I think most would agree that the traditional vision of a female within the circus is of a beautiful sequinned lady being thrown into the air by a burly man, or looking weightless and ethereal on a trapeze.  Both of these women are clearly having a great time.  But why are we lying to the world?  The reality is that women in circus are covered in bruises and burns and smiling through gritted teeth, because these disciplines hurt.  We train like we're in the army, and pride ourselves on how many chin-ups we can do, yet we're only confirming our gender difference by allowing men to set the rules.  Even in contemporary circus women are physically working their knee high socks off to take over the male role of the base (myself included), yet this only furthers the idea that we define ourselves within the boundaries set out by our male counterparts.  What are we doing in circus to speak of what it means to really be female - to be naturally curvy and soft, to be mothers and sisters, to run households and businesses and yet be subjected to the male gaze in everything we do?

And in case you're wondering, no, I don't have any answers.  I just thought it was important to ask the questions.

Tuesday, 17 April 2012

A Catch Up

So I thought it was about time I posted some extra videos that I hadn't got round to yet.  The first is our clowning presentation which took place at the end of last term.  Our clowning intensive week was very rushed and so we're doing more this term, which I'm really happy about.  I don't think this is the best clowning in the world, and don't feel that I've found my clown yet, but it's an interesting first attempt.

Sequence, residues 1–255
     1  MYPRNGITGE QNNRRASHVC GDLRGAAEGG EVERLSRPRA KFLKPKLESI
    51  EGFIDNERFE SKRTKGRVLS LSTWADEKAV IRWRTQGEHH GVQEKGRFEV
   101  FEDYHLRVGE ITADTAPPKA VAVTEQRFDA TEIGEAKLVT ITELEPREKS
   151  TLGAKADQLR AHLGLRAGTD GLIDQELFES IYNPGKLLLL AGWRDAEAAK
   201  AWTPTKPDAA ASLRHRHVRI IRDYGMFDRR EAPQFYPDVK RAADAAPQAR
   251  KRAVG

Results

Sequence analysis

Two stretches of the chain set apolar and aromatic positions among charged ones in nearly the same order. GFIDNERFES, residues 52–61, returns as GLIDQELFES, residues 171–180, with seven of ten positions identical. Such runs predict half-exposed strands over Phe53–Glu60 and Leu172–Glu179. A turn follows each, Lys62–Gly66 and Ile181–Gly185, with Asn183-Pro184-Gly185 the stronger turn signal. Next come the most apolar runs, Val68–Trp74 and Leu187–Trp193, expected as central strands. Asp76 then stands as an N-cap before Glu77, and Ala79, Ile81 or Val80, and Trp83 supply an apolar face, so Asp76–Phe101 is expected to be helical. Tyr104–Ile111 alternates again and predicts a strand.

And the next is a presentation of an improvisation we'd been working on when we were studying half masks.  I really love the way these masks lead you towards a character you'd never have come up with on your own, and the physicality that's inherent within this.  Again, it's just a first attempt, but it was fun.

So for now it's back to portfolio practice - I'm trying to put together a series of audition style pieces to showcase what I feel I've learnt at Circomedia.  So far there's a physical theatre piece about a job interview, and a dance/acro/hat manipulation piece which is entirely non-verbal, and will hopefully lead into another idea I've had for a one woman show.  Exciting times are ahead...

Thursday, 5 April 2012


The Easter holidays are nearly over, and my thoughts are turning towards the third and final term of my time at Circomedia.

Work has already started coming in for when I'm back in Nottingham, which is fantastic, and I'm over the moon that people seem to be excited about what I've been learning.  The question which is niggling at me though, is how to take this training, and carve a sustainable career from it.  I know from past experience that careers in the Arts are unpredictable - that there will always be times when you're bombarded with work and others when the cupboard is bare.  However, I need to make sure that the work that I'm being offered now and the 'buzz' there is about these new skills coming to the area doesn't fade away after a the first year or so.

Actors, eh?  We're never bloody happy...

Friday, 16 March 2012

Being Injured

Being injured is rubbish.  I just want that categorically and emphatically stated for the record. 

To add insult to ankle injury, this week has been acro intensive week.  That means that everyone who specialises in acro (yes, me) has had around 20 hours of taught acro time in addition to our normal lessons, where we would only normally have 4.  Translated, that means a lot of sitting and watching and taking notes and making videos, when everyone else is having fun.